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Nurses of my vintage are surely smiling at the “news” that it may be possible to re-use some of the very expensive equipment that is routinely disposed of in hospitals today.

There was a time when most of the equipment used in patient care was re-useable. It was scrubbed after use, returned to the Central Supply Room (CSR) where it was rescrubbed, disinfected, sterilized and repackaged. Nurses were trained in the opening of these packages so that a sterile field was maintained and the instruments that were removed with rubber-gloved hands were pristine.

As disposable equipment began to take over, we saw basins filled with stainless steel instruments and hampers filled with strong cotton wrappings replaced by vast garbage bags filled with plastic — packaging and equipment. To this day, the disposal of all this plastic is an environmental issue.

It was also the beginning of an era that saw the lay-offs of hospital workers who were responsible for the 24-hour-a-day CSRs and the general weakening of housekeeping departments that were responsible for the cleanliness of the hospitals. Today, hospitals contract out their “cleaning” services and it is fair to say that the private sector workers who are hired to clean hospitals don’t have the same motivation and dedication to the work as an earlier generation of publicly-employed hospital workers.

Has the use of plastic disposable equipment cut down on infections? I haven’t done the research but I would be surprised to find that rates of in-hospital infection are any lower than they were a generation ago when there were autoclaves in use all day on each floor, when even bedpans, washbasins, kidney basins and other bedside utensils were scrubbed and disinfected on a regular basis.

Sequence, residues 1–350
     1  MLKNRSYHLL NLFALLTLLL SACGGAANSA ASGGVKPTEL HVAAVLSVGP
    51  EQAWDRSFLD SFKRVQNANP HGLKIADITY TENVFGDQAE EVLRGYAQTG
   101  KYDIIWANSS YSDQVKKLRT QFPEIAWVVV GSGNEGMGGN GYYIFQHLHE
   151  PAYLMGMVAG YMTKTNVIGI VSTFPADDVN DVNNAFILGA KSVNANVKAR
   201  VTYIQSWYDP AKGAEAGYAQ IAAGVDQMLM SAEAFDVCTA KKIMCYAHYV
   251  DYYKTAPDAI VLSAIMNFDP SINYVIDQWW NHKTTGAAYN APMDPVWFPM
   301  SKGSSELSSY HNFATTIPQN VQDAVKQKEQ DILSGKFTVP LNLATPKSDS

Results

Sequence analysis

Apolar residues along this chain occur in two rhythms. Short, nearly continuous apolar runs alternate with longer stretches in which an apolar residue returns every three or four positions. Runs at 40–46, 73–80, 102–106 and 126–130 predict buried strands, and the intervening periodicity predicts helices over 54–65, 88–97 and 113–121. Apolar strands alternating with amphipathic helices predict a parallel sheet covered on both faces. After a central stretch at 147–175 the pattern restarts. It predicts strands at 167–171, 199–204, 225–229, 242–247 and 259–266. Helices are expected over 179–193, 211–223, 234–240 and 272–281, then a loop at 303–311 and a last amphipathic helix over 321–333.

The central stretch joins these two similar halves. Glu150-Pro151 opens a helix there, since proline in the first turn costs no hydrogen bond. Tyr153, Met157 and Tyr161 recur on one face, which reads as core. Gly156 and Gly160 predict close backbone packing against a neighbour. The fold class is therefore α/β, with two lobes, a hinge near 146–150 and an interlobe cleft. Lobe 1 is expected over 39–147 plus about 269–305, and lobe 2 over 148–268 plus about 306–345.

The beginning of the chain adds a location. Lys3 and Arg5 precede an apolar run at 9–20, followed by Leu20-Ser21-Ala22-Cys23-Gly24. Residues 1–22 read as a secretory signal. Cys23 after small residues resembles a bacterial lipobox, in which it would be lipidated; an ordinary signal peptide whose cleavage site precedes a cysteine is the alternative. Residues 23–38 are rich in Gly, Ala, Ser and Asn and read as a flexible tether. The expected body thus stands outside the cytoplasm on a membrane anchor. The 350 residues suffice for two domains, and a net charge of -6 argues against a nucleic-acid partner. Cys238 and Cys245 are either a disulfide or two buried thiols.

It’s difficult writing this to avoid a “back in my day” tone. So I will concede that certain equipment should be used only once — let’s say bladder catheters, for example. And all nurses are/should be thankful for disposable needles. Those old needles could get very dull and burred.

But I am firmly on the side of the health authorities who are going to look into the possibility of returning to the use of some equipment that can be reused.

The subject was raised during Question Period in the Nova Scotia Legislature yesterday, September 23, by Karen Casey, the leader of the third party (Tory). The responses were made by the Premier, Darrell Dexter (NDP).

HON. KAREN CASEY: Mr. Speaker, my question is to the Premier. Capital District Health Authority will be hiring a company to reprocess medical equipment previously designed for one-use only. Will the Premier explain the rationale behind this decision?

THE PREMIER: Mr. Speaker, I certainly would like to thank the Interim Leader of the Progressive Conservative Party for the question. The district health authorities, of course, have control over their own budgets. They make these decisions based on what they think is both in the best interest of their patients and in the best interest of the district health authority as a whole. So they’re making that decision understanding all of the ramifications and quite frankly, I have faith in their judgment in that regard.

MS. CASEY: Mr. Speaker, one Halifax cardiologist has said an ultrasound catheter is an example of equipment that could be used more than once because “it has least chance of reinfection.” The words “least chance of reinfection” are disconcerting. Is the Premier prepared to accept full liability should anything happen to any patient at Capital Health as a result of this practice?